Marina Snapyan of the Centre de Recherche Université Laval Robert-Giffardand in Québec and her colleagues therefore explored the possibility that the neuroblast migration is guided by some physical substrate which delineates the rostral migratory stream. First, they spliced the gene encoding green fluorescent protein (GFP) into a retovirus, and then pumped the virus into the subventricular zone or rostral migratory stream, so that it would be taken up by the migrating cells. They then labelled the blood vessels in the brains of these animals by injecting a fluorescent dye into the tail.

This showed that the blood vessels in the olfactory bulb were arranged in parallel to the rostral migratory stream, and that almost all the migrating neurons were aligned along the vessels. Furthermore, the vessels at the tip of the bulb were found to be arranged perpendicular to the migration stream. The researchers then prepared slices of forebrain tissue from the animals and examined the cell migration in real time using time-lapse video imaging.

They found that the neuroblasts do indeed migrate along the capillaries running through the olfactory bulb. The vast majority of cells remained closely attached to the vessels for the duration of their migration, and never strayed more than three thousandts of a millimeter away from them. In the few cases when the cells moved further away from the vessel, their leading processes remained attached to it. And once the cells exited the migratory stream at the tip of the bulb, they quickly latched onto the perpendicularly oriented vessels to migrate across the bulb's radius.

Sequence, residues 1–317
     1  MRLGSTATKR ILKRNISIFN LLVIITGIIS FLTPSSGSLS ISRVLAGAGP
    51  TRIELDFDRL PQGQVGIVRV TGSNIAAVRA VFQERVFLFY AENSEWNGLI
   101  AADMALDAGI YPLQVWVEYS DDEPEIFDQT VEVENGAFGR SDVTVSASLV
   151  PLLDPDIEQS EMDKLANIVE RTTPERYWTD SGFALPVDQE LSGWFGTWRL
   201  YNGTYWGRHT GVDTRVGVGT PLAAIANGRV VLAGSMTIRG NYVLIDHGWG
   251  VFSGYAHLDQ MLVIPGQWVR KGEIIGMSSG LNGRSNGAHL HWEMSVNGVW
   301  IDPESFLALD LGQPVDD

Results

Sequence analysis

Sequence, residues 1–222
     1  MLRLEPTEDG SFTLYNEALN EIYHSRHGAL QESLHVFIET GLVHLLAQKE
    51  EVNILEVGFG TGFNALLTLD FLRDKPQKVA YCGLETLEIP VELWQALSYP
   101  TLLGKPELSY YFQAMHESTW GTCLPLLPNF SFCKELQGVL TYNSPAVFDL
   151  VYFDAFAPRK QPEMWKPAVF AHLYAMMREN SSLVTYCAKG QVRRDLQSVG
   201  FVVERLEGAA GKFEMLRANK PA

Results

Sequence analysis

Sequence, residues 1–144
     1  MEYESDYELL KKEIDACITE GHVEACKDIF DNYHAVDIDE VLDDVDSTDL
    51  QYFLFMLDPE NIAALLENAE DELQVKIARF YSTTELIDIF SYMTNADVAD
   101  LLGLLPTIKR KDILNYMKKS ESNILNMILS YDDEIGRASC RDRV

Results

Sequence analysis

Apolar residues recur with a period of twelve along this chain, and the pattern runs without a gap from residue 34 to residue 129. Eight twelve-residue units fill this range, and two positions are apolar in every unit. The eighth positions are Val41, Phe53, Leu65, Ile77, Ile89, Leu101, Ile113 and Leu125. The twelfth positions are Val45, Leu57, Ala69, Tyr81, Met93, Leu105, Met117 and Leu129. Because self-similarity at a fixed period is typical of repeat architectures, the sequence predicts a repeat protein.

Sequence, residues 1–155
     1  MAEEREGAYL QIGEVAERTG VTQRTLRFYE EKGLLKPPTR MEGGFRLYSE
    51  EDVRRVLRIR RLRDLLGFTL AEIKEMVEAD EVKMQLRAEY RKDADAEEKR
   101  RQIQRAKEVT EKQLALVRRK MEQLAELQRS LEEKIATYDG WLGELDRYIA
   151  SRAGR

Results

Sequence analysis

Previous work has shown that the endothelial cells lining blood vessel walls synthesize a small protein called brain-derived neurotrophic factor (BDNF), and that injection of this protein into the ventricles of the brain leads to the appearance of new neurons in the striatum, a structure which migrating neuroblasts pass en route to the tip of the olfactory bulb. Snapyan and her colleagues therefore investigated whether BDNF mediates the imteraction between the neuroblasts and blood vessels. Using antibody staining, they anlaysed the distribution of BDNF and its receptors.

This revealed that BDNF is expressed exclusively in the endothelial cells of the blood vessels aligned with the rostral migraptory stream, and that migrating cells express one of its receptors, and the astrocytes which ensheath them during their migration express another. Furthermore, when the protein was injected into the striatum, numerous GFP-labelled neuroblasts were found there three days later - misexpression of BDNF had misrouted the cells from their normal migratory pathway. On the other hand, antibodies which neutralize the activity of the proteins, into the olfactory bulb led to a marked reduction in the number of neuroblasts migratory stream. Antibodies which neutralized p75NTR or TrkB had the same effect.